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Turkey’s Erdogan hosts Sudan's Burhan as conflict in Khartoum drags on

Sudan’s military chief Abdel Fattah Burhan met with Turkish President Recep Tayyip Erdogan on Wednesday as part of his efforts to garner regional support ahead of the UN General Assembly next week.
Erdogan and Burhan

ANKARA — Turkish President Recep Tayyip Erdogan on Wednesday hosted Sudan’s military chief, Gen. Abdel Fattah Burhan, as the latter seeks international support against the Rapid Security Forces (RSF), a paramilitary group led by Burhan's former deputy Mohamed Hamdan Dagalo, who is challenging his power.

Burhan's visit to Ankara is the first since the fighting between his forces and Dagalo's — also known as Hemedti — started in mid-April, leaving more than 4,000 killed according to the Sudanese health ministry. 

There was no press conference following the meeting but Turkish Foreign Minister Hakan Fidan said Erdogan and Burhan discussed ongoing international efforts for a permanent truce between the warring parties as well as the humanitarian crisis engulfing the country.

"We support all bilateral and international efforts aiming at ending the war," Fidan told journalists on Tuesday. 

Fidan also said the two discussed how Turkey could help with the humanitarian, economic and other crises in Sudan while the clashes were continuing. 

Erdogan reiterated Turkey's readiness "to do everything in its power if there is anything we can do for peace," Fidan said, including hosting negotiations between the warring parties.  

According to a statement by Burhan’s office, Sudan’s Foreign Minister Ali al-Sadiq, intelligence chief Ahmed Ibrahim Mufaddal and Director General of the Defense Industries Corporation Mirghani Idris Suleiman also accompanied Burhan during the visit. 

Turkey is the fifth country Burhan has visited since April when the bloody clashes broke out, according to Agence France-Presse. The Sudanese army chief also visited Egypt, South Sudan, Qatar and Eritrea, as he seeks to garner regional support for his forces against the RSF — the opposing paramilitary group — ahead of the UN General Assembly session next week.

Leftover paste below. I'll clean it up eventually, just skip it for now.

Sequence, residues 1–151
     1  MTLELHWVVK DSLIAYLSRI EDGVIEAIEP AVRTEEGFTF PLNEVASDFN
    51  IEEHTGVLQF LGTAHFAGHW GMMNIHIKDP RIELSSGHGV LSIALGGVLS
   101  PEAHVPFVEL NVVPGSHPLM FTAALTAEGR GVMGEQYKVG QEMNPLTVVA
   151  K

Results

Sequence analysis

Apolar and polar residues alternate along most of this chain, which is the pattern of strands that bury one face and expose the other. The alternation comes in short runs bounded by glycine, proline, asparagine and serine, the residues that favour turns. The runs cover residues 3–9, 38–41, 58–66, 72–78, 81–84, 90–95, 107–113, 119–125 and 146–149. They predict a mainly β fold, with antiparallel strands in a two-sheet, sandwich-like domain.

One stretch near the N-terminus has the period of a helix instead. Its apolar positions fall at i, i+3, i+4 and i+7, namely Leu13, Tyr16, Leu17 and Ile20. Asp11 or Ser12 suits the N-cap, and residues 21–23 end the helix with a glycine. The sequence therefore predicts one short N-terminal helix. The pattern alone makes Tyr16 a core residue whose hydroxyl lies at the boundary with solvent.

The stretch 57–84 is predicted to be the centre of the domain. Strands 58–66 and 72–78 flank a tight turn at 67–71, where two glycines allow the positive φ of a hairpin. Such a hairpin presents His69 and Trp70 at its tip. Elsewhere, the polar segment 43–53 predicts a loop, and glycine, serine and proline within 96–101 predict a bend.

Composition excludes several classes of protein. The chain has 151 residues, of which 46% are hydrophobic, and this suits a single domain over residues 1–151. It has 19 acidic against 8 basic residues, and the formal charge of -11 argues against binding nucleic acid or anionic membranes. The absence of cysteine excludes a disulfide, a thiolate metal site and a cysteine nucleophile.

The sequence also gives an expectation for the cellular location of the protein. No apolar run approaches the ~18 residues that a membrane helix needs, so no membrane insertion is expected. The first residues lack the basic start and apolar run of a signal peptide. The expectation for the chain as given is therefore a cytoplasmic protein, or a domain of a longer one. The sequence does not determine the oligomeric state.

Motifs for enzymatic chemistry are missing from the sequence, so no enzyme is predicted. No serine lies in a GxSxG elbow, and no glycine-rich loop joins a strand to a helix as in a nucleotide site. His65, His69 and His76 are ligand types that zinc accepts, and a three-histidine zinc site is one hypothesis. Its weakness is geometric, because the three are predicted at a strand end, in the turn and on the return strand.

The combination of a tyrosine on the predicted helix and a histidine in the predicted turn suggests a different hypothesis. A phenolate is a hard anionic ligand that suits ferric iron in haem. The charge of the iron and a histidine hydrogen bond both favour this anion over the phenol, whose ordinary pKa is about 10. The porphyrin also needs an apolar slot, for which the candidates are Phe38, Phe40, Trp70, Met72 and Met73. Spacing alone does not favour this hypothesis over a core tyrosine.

Regional and global efforts to achieve a truce between Sudan’s Armed Forces (SAF) and the RSF have yielded little progress so far. At least 4,000 people were killed in the clashes, the World Health Organization said in August, but the death toll is much higher, according to local medical organizations. 

The fighting also displaced nearly 5.1 million people inside and outside Sudan, with more than 1 million crossing into neighboring Central African Republic, Chad, Egypt, Ethiopia and South Sudan, the UN said last week.

In May, the warring sides inked a seven-point declaration, pledging to safeguard civilians and respect international law, but according to the UN and human rights watchdogs, neither side has lived up to their commitments. 

In a statement on Wednesday, the UN humanitarian coordinator in Sudan reiterated international calls on hostile factions to respect international humanitarian law and take immediate steps to protect civilians.

“The ongoing killing of civilians in Khartoum, Nyala, Al Fasher and other areas underscores the fact that the parties to this conflict are not honoring the pledges they signed up to on 11 May or the fundamental rules of international law underpinning them,” the statement said. “The people of Sudan have suffered far too much already.” 

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